Interestingly, Manchester Square Fire Station, which was decommissioned in 2005, was actually located a few blocks away in Chiltern Street (it was also known as the Chiltern Firehouse).

PICTURES: Google Maps

This Week in London – Saint Agatha returns to Osterley; Lucian Freud’s self-portraits; and, the collection of Sir Stamford Raffles…

A painting of early Christian martyr Saint Agatha by 17th century Italian artist Carlo Dolci is the highlight of a new exhibition opening at Osterley House in London’s west on Monday. The painting, which has been acquired by the National Trust for the house thanks to an Art Fund grant and other donations, is at the heart of Treasures of Osterley –  Rise of a Banking Family which explores the rise to fame and fortune of the Child family. Sir Robert Child had originally purchased the picture at the start of the 18th century but it was later sold with other family heirlooms in the 1930s. The painting depicts the miraculous moment with St Peter appeared to St Agatha in a vision and healed her wounds. The exhibition can be seen until 23rd February. Admission charge applies. For more, see www.nationaltrust.org.uk/osterley-park-and-house.

The first exhibition to focus on the “visceral and unflinching” self-portraits of artist Lucian Freud (1922-2011) has opened at the Royal Academy in Piccadilly. Lucian Freud: The Self-portraits features about 50 works that chart his artistic development from early graphic works to the fleshy, painterly style of his later work. The display is organised into six sections, starting with first major self-portrait, Man with a Feather (1943), which is juxtaposed with his late work, Self-portrait, Reflection (2000). It ends with two self-portraits he painted in 2002 and 2003. The exhibition can be seen in The Jillian and Arthur M Sackler Wing of Galleries until 26th January. Admission charge applies. For more, see www.royalacademy.org.uk. PICTURE: Reflection (Self-portrait), 1985 Oil on canvas, 55.9 x 55.3 cm Private collection, on loan to the Irish Museum of Modern Art © The Lucian Freud Archive / Bridgeman Images

• On Now: Sir Stamford Raffles: collecting in Southeast Asia 1811-1824. Controversial figure Sir Thomas Stamford Raffles spent most of his career as an official with the East India Company in South-East Asia during which he was an avid collector of objects from the region. His collection, one of the first large collections from the region, was eventually donated to the British Museum. This display at the museum showcases an important selection of 130 objects from that collection including Hindu-Buddhist antiquities, different types of theatrical puppets, masks, musical instruments and stone and metal sculpture. A collaboration with Asian Civilisations Museum in Singapore, the exhibition can be seen until 12th January in Room 91. It’s free to enter. For more, see www.britishmuseum.org.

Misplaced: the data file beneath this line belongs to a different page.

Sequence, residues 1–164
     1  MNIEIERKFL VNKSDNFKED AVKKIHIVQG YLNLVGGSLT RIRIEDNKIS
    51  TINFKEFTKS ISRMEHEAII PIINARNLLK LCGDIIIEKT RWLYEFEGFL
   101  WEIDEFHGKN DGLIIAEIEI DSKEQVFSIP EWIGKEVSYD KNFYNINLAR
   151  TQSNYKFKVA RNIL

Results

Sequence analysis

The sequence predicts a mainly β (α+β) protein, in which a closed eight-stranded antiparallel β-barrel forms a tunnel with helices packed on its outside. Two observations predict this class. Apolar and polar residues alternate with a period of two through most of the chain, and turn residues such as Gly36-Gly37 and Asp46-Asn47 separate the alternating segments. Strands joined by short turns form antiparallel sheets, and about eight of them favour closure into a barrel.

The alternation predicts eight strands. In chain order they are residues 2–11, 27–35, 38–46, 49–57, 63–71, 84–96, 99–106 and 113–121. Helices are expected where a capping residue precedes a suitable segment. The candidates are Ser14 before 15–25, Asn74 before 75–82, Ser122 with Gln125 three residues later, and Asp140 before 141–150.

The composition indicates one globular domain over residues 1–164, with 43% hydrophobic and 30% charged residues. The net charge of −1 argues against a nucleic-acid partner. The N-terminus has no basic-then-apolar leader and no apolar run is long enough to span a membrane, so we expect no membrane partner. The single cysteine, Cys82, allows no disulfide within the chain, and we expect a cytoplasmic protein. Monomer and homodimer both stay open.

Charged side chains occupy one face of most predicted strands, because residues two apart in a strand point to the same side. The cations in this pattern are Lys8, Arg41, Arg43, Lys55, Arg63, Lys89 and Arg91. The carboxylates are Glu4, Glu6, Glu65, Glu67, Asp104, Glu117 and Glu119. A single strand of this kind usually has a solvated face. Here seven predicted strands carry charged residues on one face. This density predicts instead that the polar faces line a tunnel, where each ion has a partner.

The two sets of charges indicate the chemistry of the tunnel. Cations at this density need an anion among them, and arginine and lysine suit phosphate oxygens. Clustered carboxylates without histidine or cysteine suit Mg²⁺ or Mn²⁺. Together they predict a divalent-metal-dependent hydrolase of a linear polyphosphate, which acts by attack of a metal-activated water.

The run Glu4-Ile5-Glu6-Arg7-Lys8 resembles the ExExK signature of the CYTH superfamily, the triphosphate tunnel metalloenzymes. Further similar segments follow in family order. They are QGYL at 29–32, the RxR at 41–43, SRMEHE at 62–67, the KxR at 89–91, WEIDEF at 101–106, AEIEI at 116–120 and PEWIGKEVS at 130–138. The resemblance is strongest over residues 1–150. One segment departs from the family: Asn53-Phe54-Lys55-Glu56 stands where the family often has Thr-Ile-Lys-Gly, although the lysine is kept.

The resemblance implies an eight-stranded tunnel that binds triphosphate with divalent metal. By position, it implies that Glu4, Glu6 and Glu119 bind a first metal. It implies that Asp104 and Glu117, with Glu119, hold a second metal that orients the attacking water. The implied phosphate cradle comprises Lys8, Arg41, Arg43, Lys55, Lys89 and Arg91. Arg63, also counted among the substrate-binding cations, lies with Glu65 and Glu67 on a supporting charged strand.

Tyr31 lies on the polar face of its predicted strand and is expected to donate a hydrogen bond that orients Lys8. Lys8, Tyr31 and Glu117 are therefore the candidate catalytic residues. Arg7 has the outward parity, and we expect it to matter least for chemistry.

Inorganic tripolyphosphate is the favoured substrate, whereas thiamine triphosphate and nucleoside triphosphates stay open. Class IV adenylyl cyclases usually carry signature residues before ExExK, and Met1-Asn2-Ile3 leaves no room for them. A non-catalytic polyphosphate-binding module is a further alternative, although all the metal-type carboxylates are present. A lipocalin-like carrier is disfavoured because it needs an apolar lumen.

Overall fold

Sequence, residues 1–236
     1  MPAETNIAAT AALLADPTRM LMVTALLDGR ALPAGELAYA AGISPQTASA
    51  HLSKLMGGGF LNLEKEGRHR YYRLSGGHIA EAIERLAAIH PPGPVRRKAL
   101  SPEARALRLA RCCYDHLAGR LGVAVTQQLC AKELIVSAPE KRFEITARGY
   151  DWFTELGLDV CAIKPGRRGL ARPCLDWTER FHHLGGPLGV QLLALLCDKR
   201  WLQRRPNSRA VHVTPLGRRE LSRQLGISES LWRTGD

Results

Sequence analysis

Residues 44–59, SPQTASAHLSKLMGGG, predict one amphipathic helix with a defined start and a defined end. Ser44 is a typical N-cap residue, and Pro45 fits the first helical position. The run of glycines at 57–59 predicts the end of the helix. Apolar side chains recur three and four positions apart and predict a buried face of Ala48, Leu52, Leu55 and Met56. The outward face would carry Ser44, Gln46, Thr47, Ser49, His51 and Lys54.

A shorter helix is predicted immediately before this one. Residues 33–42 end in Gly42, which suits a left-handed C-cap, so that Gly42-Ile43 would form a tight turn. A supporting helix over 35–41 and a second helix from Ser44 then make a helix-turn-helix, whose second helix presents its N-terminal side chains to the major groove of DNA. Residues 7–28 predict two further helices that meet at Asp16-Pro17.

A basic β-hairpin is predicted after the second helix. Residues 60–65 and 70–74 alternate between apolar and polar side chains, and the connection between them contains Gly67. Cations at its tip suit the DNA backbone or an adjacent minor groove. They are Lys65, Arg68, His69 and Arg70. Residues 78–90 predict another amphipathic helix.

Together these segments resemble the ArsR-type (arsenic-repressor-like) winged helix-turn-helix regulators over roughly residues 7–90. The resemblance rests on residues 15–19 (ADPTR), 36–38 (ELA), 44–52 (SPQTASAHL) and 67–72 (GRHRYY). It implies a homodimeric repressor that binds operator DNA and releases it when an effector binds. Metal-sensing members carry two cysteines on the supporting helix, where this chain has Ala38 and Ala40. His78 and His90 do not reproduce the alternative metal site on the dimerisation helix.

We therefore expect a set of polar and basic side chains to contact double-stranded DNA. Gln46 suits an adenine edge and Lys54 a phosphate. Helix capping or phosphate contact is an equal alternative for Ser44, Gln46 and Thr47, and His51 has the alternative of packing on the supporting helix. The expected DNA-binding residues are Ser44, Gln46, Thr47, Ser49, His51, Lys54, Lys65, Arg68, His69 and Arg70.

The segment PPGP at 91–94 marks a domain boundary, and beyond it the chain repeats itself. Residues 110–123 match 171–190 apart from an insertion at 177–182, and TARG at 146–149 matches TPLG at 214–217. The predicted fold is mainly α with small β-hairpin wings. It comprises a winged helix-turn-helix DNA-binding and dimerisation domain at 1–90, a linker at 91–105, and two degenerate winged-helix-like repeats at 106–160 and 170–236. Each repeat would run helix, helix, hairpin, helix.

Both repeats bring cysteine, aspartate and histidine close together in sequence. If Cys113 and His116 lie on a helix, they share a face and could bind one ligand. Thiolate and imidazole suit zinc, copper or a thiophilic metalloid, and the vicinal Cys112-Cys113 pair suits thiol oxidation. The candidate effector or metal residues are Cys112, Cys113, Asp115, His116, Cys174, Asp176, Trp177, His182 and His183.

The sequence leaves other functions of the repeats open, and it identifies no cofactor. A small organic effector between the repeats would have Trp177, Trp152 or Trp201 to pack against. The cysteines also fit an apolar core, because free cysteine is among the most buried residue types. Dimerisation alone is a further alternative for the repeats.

Send all items for inclusion to exploringlondon@gmail.com

LondonLife – Westminster Abbey marks 750th anniversary of Henry III’s rebuild; new mental health awareness tour at National Gallery; and, Rembrandt at Kenwood…

Two 13th century manuscripts from Westminster Abbey’s collection have this month gone on show in the Queen’s Diamond Jubilee Galleries at the abbey to mark the 750th anniversary of King Henry III’s rebuilding of the church originally constructed on the orders of Edward the Confessor. Believed to have never before been displayed to the public, the manuscripts – which feature ink script on vellum and have wax seals on silk cords attached – include a royal charter dated 1246 in which King Henry III announces his intention to be buried alongside Edward the Confessor in Westminster Abbey and an inventory of Edward the Confessor’s Shrine dating from 1267 which shows how much gold, precious stones and jewels were taken from it and pawned to provide the king with much-needed money. The documents can only be seen until 28th October. Admission charge applies. For more, www.westminster-abbey.org/visit-us/plan-your-visit/the-queens-diamond-jubilee-galleries. The display is one of number of special events taking place to mark the anniversary of the third consecration of the abbey church which took place in the presence of King Henry III on 13th October, 1269. While Queen Elizabeth II and the Duchess of Cornwall attended a special service to mark the occasion on Tuesday, other events aimed at the public include a special family day next Wednesday (23rd October) featuring medieval re-enactors in the cloisters, the chance to meet some of the abbey staff and to take part in a family-friendly Eucharist as well as a late opening for amateur photographers to take photographs inside the abbey (23rd October), and special family tours of the abbey (22nd and 24th October). Meanwhile, this Saturday, the abbey will host the National Pilgrimage to the Shrine of St Edward the Confessor. For more on other events at the abbey, head to www.westminster-abbey.org/events.